How do genes and environmental influences interact to cause macular degeneration?

Jie Jin Wang, PhD
Centre for Eye Research Australia, The University of Melbourne (Melbourne, Australia)

Co-Principal Investigators

Alex Hewitt, MBBS (Hons), M Med Sci, PhD
Centre for Eye Research Australia, The University of Melbourne (Melbourne, Australia)
Year Awarded:
2010
Grant Duration:
April 1, 2010 to March 31, 2012
Disease:
Macular Degeneration
Award Amount:
$96,780
Grant Reference ID:
M2010041
Award Type:
Standard
Award Region:
International

Epigenetic dissection of age-related macular degeneration

Summary

Given the development of anti-angiogenic agents, vision loss resulting from neovascular, 'wet', age-related macular degeneration (AMD), should be largely preventable if diagnosed early. Methylation patterns of AMD-related genes should identify subjects who are at high risk of neovascular AMD. Ultimately, this project could lead to the development of diagnostic tests and identify novel treatment pathways that modify gene expressions.

Details

Given the development of anti-angiogenic agents, blindness resulting from neovascular AMD, should be largely preventable if diagnosed early. Identifying individuals predisposed to severe forms of this debilitating disease will, in time, help optimize the use of finite treatment resources. Methylation patterns, or characteristic patterns of chemical modifications to the DNA of AMD-related genes should identify subjects who are at high risk of neovascular AMD. Ultimately, this project will lead to the development of diagnostic tests and identify novel treatment pathways that modify gene expression.

Our research approach to investigate gene expression of AMD in a large scale genome-wide methylation study with subgroup analyses by disease severity is novel. The investigators on this study represent a strong collaboration comprising clinician-scientists, statisticians and epigeneticists whose collective expertise will ensure its successful completion.

Research Updates

Epigenetics is the study of inheritance that isn’t related to the spelling of a person’s genes, but caused by various exposures (such as smoking, dietary intakes, …) that can influence the DNA backbone that may affect how a gene gets expressed. In this study, Dr. Wang’s and Dr. Hewitt’s team are looking for an epigenetic modification called “methylation.” So far, they have identified a number of epigenetic variants associated with exudative (wet) age-related macular degeneration. The team has compared the entire “epigenome” of patients with macular degeneration to the epigenomes of people without macular degeneration, and has found several methylation sites that are associated with the disease. These parts of the genome were not previously known to be involved with an increased risk of macular degeneration. The team is currently validating their initial findings, and determining how these epigenetically-modified genes act to increase the risk of getting macular degeneration.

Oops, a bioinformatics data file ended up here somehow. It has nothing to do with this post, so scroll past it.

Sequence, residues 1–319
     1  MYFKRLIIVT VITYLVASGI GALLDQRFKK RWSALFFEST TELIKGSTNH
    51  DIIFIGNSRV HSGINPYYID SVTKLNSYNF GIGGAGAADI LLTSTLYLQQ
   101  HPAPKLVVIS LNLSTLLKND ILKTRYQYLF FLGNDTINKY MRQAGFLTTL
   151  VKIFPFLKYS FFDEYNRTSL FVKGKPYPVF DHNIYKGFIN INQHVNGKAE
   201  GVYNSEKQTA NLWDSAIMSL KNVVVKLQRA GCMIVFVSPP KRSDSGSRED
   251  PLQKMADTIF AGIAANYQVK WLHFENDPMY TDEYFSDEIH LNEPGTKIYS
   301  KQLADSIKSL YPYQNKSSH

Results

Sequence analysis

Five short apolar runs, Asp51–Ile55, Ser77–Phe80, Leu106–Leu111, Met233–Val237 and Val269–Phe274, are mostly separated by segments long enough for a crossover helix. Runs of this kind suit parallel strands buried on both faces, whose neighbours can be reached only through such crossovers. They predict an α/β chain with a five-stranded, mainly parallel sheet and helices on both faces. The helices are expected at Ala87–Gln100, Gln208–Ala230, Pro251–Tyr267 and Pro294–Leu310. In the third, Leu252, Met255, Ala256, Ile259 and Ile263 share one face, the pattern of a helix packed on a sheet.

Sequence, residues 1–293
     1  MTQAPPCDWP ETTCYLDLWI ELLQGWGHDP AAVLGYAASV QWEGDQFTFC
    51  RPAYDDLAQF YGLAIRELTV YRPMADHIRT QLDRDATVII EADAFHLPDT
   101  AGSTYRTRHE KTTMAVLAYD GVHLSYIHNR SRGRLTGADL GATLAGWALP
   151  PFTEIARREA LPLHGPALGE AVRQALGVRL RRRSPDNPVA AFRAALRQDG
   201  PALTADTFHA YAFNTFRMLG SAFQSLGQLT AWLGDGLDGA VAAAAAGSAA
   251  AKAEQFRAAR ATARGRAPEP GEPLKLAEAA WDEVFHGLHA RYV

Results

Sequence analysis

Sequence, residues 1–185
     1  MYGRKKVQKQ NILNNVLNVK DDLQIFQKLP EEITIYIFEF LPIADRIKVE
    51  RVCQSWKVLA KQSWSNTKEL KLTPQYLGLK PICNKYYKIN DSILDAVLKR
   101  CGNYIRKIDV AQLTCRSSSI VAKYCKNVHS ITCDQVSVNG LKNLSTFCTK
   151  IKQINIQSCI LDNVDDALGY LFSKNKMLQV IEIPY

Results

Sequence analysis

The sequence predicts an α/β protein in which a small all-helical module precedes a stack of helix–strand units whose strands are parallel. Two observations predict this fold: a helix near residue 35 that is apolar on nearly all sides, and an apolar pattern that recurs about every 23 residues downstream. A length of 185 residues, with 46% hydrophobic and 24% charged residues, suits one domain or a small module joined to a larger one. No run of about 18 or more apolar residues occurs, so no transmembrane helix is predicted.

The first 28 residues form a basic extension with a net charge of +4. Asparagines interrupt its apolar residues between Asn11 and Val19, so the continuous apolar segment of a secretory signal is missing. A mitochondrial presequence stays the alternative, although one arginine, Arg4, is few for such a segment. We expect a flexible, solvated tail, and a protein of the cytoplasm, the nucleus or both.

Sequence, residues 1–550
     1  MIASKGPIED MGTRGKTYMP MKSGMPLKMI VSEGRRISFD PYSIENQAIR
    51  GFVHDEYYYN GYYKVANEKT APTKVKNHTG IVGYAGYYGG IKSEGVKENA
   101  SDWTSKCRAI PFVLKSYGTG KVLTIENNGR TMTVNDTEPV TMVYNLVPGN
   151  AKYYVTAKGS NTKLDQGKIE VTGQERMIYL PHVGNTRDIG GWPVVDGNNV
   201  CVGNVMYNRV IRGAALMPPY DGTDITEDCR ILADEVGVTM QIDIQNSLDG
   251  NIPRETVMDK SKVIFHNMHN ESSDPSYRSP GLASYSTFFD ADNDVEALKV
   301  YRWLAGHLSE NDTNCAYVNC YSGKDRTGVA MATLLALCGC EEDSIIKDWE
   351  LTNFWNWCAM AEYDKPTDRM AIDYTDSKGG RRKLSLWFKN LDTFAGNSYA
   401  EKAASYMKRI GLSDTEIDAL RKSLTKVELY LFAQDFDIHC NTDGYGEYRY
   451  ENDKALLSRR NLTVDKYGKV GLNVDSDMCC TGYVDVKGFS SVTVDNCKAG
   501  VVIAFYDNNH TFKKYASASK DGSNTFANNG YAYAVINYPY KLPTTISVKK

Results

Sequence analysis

Publications

Hewitt AW, Wang JJ, Liang H, Craig JE. (2012) Epigenetic effects on eye diseases. Expert Review of Ophthalmology. 7(2), 127-134.

Hewitt AW, Joo JE, Wang JJ, Craig JE, Saffery R. Methylation landscape of ocular tissue and their correlation to peripheral leucocytes. (Abstract, submitted for presentation at 2013 Annual Meeting of the Association for Research in Vision and Ophthalmology (ARVO)

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